From the 19th century African music gatherings in Congo Square to the birth of jazz and its offshoots, New Orleans is one of America's most important music cities, and with the Rough Guide to the Music of New Orleans collection, listeners get a well-rounded taste of the Crescent City's musical gumbo. The collection touches on traditional jazz torchbearers (Dr. Michael White), classic R&B (Jessie Hill, Earl King), down-home funk (the Meters), Mardi Gras-ready brass players (Kermit Ruffins, Hot 8 Brass Band), global-influenced groovers (Los Hombres Calientes), and artists on the rise (Papa Grows Funk). While it's impossible to capture the full spectrum of New Orleans music on a single disc – women artists are underrepresented, and the NOLA hip-hop scene that's emerged since the 1990s is skipped entirely – this Rough Guide is a spirited introduction, and as a bonus is accompanied by a second disc featuring emerging heavy funk purveyors Dumpstaphunk.
Hungarian pianist-composer HAVASI’s life has revolved around the piano since the age of four, when he had his talent and perfect pitch discovered. During his studies he was extremely motivated by challenges and competitive situations. He would practice for ten hours a day to make the most of himself. He learned the trade of classical music with respect and humility, studied the lives and works of various masters, and graduated from Franz Liszt Academy of Music in Hungary. He came to recognise the huge responsibility involved in teaching, and taught in Budapest’s conservatory for years. As a performer of classical music he built up a vast repertoire, gave concerts in several towns across Europe, and won various piano contests.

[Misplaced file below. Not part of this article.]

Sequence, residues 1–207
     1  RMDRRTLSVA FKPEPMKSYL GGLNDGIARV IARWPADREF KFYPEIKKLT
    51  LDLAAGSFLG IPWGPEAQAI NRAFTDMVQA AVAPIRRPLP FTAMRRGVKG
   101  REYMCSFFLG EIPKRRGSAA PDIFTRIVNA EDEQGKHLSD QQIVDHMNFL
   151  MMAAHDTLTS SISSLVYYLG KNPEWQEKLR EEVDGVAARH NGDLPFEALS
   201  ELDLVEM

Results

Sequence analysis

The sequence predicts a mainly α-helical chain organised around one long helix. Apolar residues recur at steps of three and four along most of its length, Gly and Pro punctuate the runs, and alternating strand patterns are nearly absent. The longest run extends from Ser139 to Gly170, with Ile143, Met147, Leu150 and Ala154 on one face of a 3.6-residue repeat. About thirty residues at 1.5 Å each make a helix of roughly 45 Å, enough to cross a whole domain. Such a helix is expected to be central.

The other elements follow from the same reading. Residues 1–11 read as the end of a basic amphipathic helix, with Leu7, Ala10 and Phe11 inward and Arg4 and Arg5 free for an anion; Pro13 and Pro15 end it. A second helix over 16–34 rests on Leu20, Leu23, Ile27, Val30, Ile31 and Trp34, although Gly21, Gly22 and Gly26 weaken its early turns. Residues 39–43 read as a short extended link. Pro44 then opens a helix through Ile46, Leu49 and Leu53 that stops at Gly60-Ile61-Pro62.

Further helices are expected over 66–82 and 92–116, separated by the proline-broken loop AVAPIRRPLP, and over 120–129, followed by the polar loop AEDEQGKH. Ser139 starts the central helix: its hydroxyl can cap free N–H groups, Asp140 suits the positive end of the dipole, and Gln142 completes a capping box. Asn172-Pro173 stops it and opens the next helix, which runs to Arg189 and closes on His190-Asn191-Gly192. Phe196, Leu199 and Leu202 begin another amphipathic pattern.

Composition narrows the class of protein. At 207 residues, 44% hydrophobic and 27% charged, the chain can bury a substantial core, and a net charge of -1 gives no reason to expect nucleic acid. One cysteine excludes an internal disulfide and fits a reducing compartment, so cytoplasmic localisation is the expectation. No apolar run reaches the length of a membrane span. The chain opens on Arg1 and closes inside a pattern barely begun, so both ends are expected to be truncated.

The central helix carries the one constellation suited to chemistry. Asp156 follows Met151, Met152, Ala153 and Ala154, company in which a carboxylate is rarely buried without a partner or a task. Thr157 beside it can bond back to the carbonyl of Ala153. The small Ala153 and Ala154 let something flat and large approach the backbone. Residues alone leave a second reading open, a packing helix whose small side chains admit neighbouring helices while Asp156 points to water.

‘Discretion’ is the brand new album by pioneering guitar legend Robert Fripp and flautist/saxophonist Theo Travis made available for Bowers & Wilkins Society of Sound in stunning 24 bit high quality digital format. The music follows on from the duo’s previous album releases and combines almost telepathic interplay with a deep understanding of musical texture and space, the building of long slow melodies, and the creation of slowly shifting harmonic soundscapes.
As the League head north, possibly chastened by the previous evening’s encounter with a mouthy fan in London, there’s only a rather fleeting stage announcement from Fripp tonight. There’s a business-like feel to the concert which is not to say that it’s in any way deficient or lacking. Rather, the band maintain a tight focus on the notes perhaps rather than it’s spirit. Major hits are scored with Hepataparaparshinokh and the wild-card sorties that are Thrang Thrang Gozinbulx I & II have the effect of bulldozing aside any doubts or worries about such matters.